I'm going to give it a shot once I head over to Electronics City and get the needed diodes and caps. I'll be testing both with\without the 'Matchbox' to see what kinds of voltages I get. Stated earlier I'll only be focusing on Pitch CV and Gate (2 channels) initially, but if it works, than I'll dedicate a few more channels for modulation sources...EXCITED!!!

Erik
Sablerock
Os and gang,

So I put together my cables last night for use with the Delta 1010 (actually, ended up using spare outs on the Delta 410 PCI instead) for use with the AC Encoder Plugin.

The first test I did was without the 'Matchbox' from Henry Engineering, I was able to squeeze about 3.8 volts max when feeding a saw wave sweep to 44khz. Because I expect to use more than 3.5 Octaves, I added the matchbox between the Delta outputs and the circuit and got EXCELLENT voltages!! Because the 'Matchbox" has an adjustable output, I calibrated to 12V when feeding the Saw wave at 44khz. I didn't max the output gain but am expecting that I can obtain up to 24V with the Matchbox.

2 questions arise from this test:

#1: What should be my maximum value for CV output? Should I use the full 24V output if I have it?

#2: When I put the output on the O-Scope and fed a pure sine wave, it comes back with what looks like the effects of capacitor discharge. My sine ended up looking more like a saw, with a slight sine ramp up and logarithmic tail after the peak. The capacitor I used is 1uF Tantalum Cap. Should I try for a lower value? Should I go Electrolytic instead? I'm concerned that any LFO's fed from Silent Way will be affected...

Before I go ripping my cables apart, I wanted to get your input on this one....

Erik
os
Don't feed your synths with CVs more than the synth's supply voltages (e.g. 12V for Eurorack).

Not quite clear where this 44kHz sweep is coming into things. Is that your input to the AC Encoder? Or are you testing your cables with an external oscillator?

If you're viewing the output of the rectifier cable on your scope, you should be looking at a flattish DC value if you feed it a constant amplitude signal.
Sablerock
10-4 Os on the voltage limits,
The 44khz signal is being fed from a waveform generated by Soundforge (audio editing program) to the outputs I've allocated for CV use. I do obtain a flat(ish) DC level at constant amp signal, solid as a rock and tunable to 10mv.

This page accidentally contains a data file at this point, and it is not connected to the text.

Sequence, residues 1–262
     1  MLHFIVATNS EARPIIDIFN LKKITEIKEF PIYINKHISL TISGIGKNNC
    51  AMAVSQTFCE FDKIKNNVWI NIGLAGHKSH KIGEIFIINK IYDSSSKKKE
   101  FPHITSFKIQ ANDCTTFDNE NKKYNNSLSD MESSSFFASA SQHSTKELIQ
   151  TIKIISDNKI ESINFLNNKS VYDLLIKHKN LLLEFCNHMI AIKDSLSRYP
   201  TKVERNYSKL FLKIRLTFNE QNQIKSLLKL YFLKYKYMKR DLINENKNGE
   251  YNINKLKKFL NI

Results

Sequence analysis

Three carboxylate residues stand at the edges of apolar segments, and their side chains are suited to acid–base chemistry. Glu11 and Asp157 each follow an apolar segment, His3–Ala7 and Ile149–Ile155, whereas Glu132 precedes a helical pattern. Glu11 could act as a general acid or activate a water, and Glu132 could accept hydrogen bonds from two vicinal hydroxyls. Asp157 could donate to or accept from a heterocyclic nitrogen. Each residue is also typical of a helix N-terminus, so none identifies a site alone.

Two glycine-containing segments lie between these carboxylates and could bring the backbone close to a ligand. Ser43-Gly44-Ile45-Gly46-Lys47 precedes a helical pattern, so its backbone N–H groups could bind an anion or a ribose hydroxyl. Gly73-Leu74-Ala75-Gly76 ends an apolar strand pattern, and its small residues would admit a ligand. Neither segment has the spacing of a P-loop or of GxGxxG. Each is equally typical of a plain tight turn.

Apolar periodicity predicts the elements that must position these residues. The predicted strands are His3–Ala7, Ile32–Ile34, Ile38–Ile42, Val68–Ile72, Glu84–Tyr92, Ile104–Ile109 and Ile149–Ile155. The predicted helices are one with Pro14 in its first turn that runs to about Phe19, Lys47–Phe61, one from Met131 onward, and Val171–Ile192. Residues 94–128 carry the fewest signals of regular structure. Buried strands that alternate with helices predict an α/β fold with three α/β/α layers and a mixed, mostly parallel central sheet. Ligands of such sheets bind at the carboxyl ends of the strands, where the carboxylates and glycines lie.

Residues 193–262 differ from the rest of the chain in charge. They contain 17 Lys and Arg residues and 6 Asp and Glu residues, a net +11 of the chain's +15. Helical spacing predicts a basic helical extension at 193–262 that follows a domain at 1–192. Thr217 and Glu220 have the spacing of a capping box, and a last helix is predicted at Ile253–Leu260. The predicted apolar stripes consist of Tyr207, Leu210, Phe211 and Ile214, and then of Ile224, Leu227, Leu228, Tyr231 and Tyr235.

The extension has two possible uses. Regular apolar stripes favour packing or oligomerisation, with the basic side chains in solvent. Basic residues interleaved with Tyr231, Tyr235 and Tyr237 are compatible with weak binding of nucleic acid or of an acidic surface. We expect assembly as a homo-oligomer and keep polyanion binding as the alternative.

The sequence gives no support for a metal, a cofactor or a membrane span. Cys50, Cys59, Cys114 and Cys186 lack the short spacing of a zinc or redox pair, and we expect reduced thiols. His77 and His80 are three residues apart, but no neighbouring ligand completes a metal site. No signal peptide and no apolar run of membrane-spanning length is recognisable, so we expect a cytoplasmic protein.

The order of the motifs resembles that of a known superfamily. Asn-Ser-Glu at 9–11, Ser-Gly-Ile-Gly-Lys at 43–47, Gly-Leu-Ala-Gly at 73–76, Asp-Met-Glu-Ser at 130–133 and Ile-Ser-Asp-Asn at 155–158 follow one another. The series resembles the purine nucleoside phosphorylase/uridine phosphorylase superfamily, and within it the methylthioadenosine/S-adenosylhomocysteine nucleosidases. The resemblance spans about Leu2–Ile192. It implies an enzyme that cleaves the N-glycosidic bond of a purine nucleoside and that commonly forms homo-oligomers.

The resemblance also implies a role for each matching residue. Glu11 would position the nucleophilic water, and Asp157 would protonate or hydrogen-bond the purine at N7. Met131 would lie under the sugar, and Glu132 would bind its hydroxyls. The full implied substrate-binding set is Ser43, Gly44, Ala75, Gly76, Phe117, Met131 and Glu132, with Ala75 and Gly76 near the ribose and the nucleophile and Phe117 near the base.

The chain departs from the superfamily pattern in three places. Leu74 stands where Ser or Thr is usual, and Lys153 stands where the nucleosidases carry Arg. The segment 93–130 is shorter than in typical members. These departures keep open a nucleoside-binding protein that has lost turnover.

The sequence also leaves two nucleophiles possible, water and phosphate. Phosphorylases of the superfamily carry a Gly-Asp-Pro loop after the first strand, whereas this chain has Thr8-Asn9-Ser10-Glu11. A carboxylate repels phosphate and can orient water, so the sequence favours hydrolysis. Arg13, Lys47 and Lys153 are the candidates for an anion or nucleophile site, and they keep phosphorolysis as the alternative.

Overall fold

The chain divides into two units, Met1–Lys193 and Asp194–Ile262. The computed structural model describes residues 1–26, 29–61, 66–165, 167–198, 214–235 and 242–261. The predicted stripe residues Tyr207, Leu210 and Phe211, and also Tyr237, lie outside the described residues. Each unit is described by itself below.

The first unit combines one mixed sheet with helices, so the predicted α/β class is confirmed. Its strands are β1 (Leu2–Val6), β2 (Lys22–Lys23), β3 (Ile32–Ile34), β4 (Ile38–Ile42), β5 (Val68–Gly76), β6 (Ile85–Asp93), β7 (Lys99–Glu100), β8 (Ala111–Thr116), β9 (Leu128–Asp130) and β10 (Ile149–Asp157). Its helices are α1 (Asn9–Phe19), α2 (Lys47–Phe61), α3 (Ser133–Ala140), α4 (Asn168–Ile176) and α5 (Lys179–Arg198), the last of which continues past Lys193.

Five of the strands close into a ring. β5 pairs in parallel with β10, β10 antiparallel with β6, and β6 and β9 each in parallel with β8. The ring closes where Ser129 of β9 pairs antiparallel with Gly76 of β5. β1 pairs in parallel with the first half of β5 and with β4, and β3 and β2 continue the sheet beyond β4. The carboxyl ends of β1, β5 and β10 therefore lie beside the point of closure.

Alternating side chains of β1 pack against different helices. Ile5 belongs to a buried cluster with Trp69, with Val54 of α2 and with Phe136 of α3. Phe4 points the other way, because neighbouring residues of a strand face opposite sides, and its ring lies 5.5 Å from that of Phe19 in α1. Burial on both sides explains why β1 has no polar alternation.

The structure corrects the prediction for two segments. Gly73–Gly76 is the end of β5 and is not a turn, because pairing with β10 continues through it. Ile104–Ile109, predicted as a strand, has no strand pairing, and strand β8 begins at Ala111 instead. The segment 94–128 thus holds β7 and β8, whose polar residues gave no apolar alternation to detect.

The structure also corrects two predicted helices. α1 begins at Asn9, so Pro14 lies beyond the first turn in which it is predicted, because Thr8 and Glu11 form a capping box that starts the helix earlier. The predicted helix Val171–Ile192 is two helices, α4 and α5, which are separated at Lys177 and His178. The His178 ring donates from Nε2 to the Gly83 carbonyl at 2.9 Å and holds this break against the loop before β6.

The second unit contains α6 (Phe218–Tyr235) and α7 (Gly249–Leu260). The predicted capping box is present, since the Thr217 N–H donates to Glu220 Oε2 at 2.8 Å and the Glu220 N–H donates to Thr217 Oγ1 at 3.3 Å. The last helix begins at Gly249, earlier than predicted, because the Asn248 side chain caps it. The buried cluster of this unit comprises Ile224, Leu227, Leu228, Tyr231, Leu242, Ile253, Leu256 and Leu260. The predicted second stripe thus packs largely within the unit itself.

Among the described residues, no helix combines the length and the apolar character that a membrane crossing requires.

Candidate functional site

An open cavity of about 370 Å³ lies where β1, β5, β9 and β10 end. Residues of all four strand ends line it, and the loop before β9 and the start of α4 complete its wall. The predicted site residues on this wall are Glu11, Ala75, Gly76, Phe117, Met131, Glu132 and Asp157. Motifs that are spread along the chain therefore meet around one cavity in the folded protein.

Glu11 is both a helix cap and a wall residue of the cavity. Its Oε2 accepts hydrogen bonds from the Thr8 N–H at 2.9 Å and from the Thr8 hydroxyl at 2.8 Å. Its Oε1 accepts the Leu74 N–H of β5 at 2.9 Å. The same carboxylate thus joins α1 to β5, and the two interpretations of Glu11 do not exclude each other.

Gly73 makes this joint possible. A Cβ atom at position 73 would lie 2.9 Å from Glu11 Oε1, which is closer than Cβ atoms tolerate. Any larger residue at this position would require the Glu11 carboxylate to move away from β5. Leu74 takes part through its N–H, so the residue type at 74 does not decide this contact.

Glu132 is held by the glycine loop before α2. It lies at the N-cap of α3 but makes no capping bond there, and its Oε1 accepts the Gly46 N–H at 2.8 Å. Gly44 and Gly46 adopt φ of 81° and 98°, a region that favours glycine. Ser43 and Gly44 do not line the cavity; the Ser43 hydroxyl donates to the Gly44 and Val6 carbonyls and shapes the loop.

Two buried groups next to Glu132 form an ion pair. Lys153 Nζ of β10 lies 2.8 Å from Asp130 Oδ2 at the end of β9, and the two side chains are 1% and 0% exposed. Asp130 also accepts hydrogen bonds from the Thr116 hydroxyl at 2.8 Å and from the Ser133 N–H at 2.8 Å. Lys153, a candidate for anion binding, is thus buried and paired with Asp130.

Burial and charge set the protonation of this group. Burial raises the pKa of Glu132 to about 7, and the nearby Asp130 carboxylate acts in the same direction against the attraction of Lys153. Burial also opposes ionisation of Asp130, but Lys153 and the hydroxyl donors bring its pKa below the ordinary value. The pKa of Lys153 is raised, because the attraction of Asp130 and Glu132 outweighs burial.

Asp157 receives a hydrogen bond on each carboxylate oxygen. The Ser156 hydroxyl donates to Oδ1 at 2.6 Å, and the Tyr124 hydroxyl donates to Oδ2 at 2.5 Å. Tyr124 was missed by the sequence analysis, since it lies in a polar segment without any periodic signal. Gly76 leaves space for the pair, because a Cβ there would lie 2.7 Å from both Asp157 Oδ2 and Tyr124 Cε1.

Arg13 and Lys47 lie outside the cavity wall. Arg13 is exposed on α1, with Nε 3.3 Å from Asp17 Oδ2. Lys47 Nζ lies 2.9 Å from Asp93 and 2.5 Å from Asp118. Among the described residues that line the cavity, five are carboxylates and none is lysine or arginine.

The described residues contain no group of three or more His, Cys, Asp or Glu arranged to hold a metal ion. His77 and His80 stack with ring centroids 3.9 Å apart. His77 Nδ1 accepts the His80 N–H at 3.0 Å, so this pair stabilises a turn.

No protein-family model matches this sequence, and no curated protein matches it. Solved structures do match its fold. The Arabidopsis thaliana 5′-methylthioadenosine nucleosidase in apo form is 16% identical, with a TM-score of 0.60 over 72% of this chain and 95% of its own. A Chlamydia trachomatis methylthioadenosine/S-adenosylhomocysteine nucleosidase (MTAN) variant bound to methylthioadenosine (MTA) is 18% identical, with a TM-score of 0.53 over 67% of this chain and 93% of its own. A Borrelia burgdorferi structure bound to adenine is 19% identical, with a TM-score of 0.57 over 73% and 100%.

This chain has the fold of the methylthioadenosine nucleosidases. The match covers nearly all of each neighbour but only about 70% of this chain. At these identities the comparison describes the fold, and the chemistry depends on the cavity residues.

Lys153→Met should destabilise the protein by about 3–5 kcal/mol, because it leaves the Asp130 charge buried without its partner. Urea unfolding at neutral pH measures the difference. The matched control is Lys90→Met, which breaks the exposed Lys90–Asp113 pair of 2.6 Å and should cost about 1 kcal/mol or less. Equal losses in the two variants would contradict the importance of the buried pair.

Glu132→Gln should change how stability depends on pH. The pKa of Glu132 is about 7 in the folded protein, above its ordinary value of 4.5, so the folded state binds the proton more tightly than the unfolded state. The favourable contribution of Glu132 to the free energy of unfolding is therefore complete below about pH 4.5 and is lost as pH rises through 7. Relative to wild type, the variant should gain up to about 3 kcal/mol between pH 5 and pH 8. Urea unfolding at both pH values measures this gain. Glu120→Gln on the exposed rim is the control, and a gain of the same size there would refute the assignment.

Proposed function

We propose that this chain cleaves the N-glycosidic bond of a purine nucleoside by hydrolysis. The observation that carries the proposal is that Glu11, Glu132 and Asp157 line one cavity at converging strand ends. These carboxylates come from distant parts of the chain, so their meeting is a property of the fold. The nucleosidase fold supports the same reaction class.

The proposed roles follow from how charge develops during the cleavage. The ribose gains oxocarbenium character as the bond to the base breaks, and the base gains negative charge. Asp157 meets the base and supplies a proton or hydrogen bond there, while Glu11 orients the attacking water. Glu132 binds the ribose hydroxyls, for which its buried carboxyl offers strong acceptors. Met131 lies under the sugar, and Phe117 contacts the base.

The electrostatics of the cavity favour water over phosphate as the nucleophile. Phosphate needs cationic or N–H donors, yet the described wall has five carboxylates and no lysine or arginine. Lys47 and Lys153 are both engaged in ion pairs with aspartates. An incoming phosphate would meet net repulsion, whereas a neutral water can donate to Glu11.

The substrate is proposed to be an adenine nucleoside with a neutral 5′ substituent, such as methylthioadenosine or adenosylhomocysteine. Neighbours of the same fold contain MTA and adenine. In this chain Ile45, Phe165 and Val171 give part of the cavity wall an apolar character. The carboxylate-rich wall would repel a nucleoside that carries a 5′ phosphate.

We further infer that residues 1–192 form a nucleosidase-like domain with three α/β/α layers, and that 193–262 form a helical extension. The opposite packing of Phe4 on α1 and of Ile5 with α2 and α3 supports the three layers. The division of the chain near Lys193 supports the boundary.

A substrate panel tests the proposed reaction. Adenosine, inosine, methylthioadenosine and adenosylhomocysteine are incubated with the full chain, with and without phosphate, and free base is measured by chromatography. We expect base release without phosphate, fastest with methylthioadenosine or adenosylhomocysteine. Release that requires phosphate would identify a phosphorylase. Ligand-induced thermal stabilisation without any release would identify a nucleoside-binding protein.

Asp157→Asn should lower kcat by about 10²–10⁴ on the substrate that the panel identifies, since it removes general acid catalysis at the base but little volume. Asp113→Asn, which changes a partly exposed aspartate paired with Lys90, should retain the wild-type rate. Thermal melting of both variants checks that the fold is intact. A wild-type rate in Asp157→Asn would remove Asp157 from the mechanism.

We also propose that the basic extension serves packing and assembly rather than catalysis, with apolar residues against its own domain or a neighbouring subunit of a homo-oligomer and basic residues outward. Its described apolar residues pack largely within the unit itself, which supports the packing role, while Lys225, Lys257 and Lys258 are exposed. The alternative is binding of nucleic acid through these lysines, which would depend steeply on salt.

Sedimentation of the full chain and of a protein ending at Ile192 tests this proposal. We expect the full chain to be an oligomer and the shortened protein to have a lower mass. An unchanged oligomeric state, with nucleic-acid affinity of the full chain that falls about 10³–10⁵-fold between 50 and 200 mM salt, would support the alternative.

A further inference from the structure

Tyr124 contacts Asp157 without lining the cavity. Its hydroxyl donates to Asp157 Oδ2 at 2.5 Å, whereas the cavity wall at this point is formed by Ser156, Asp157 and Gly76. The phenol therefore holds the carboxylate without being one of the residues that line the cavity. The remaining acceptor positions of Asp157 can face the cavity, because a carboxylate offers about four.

I just picked up some .47uf and .22 uf caps and will bread-board them tonight to see if the time constant decreases on discharge. I've been reading posts re: Tantalum vs. common Electrolytic and seems that the Tantalum type are NOT recommended for this type of application.

I'll post results once complete. Perfect sine wave or not, it was fun being able to modulate my Electrix Filter Factory with my 1-44khz sweep thru CV last night. Can't wait to test it on the Korg Maxi and MonoPoly!!!

Erik
Sablerock
Os and Gang,

So I have AC Encoder running into my M-AudioDelta 410, Half Rectifier Cables with the voltage doubler circuit, and all this connected to the Korg Monotron CV Mod (www.dinsync.info/2010/06/how-to-modify-korg-monotron.html).

I am able to run the calibration process and trigger notes via Midi, and get about 5 Octaves. Unfortunately, it seems that the capacitors in the Half_Rec cables I made have a high time constant for capacitor discharge, and so the dischgarge causes notes pitch-fade down after each keypress releases. How do I need to modify the circuit to allow for a much shorter time constant at key release?

BTW, the caps are .47uf 50v

Thanks,

Erik
os
Shorter time constant just means a smaller capacitor value.

However I'm slightly confused by what you describe, since the pitch shouldn't change at all if you just release a key. Too large a capacitor will give you a 'glide' effect between notes, but not just at the end of one note played and released.
Sablerock
Thanks for the response OZ. I'll do a capacitor swap once I get my gruuby finger on some lower value caps. As to the question of this affecting pitch: Apparently with the Monotron (per other users), the Gate voltage is tied to the pitch, so as long as the gate value stays constant there isn't any issue. I don't know why Korg did this, maybe as some sort of 'tuning' abitlity. As a workaround I did the following:

1) calibrated the Korg with the gate voltage in ACEncoder at max (1.000), ditto for VoiceController Gate output voltage.
2) after calibrating (I get about 5 octaves), I adjust the Gate output voltage down to the lowest thereshold the Monotron recognizes (approx 1.5 V). Since the voltage drop in the Gate on key-release causes the signal to ramp down from cap discharge, it falls below the threshold, in effect eliminating the symptoms.
4) Because I had to adjust the Gate (affecting pitch on the monotron), I either transpose the midi notes to tune, or use the VoiceControllers Detune to get it perfectly in tune.

I know this is only a temporary workaround, but until I get the Cap Discharge to a much smaller time constant, it is what I'm doing...